Chicken Hutch / June 7, 2018 / Maryellen
Depending on the size of your coop it is always important to consider how you are going to maintain and clean the coop. I would suggest using a detachable roof or a large enough side entrance where you can easily reach in to complete the routine maintenance. Predators are the biggest threat to your chickens after hygiene and that is why you should be sure to take the necessary precautions. Netting on the top of the coop will keep out birds of prey and a deep fencing will ensure raccoons and other land animals do not dig their way into your chickens home. Be sure to defend your chickens from the potential risk of predators by following some simple procedures outlined in most chicken coop plans on safeguarding the coop. Not all coops have to be mobile however if you do decide to build a mobile coop there are some considerations to make as well as some advantages associated with them. It allows the keeper to move the coop to a location nearer to their feed and makes cleaning the coop significantly easier than a regular stationary coop. Always to be sure to build a mobile coop with the right chicken coop plans to get you on the right track without any issues.
Building a chicken coop is a rather systematic process which you can only slightly deviate from. Regardless of whether you are planning to build a conventional coop a free range chicken ranch or even an A frame chicken enclosure the fundamentals will always lie at the core which come from the chicken coop plans. Chicken coop plans cover the entire spectrum of chicken houses whether they are small mobile coops or enormous chicken warehouses. However every design comes with its own set of qualities and features that should be built to ensure the coop functions as desired. Nevertheless these features are limited to six central elements that any coop should have regardless of their size location or purpose.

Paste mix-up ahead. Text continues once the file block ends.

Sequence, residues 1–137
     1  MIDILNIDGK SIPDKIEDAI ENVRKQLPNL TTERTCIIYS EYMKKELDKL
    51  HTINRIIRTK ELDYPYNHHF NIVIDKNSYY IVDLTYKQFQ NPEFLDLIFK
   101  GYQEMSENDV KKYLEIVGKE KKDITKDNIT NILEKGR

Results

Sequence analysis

Well built chicken house ajoint with the chicken run comes with provisions for lighting ventilation and insulation in addition to perching bars dust baths and nesting boxes. These elementary requirements may seem too much to think about for a novice but they are essential for your chickens health and well-being and need to be accounted for right from the start. In the same breath all of this becomes easy with a good set of building plans as professionally designed chicken coop plans provide provisions for these elementary requirements. In addition the plans advise on where to source best building materials while avoiding toxic chemicals commonly used as treatment agents for some of the building materials. The plans advise on positioning the coop to prevent damp from accumulating inside of it. And lastly they cater for the safety of your birds. Here is an example of someone who thought he would save money by not using the plans when building his first ever chicken house: a client of mine lost all their chickens to a skunk because his chicken house was not properly secured enabling the skunk to gain access one night and kill all of his chickens.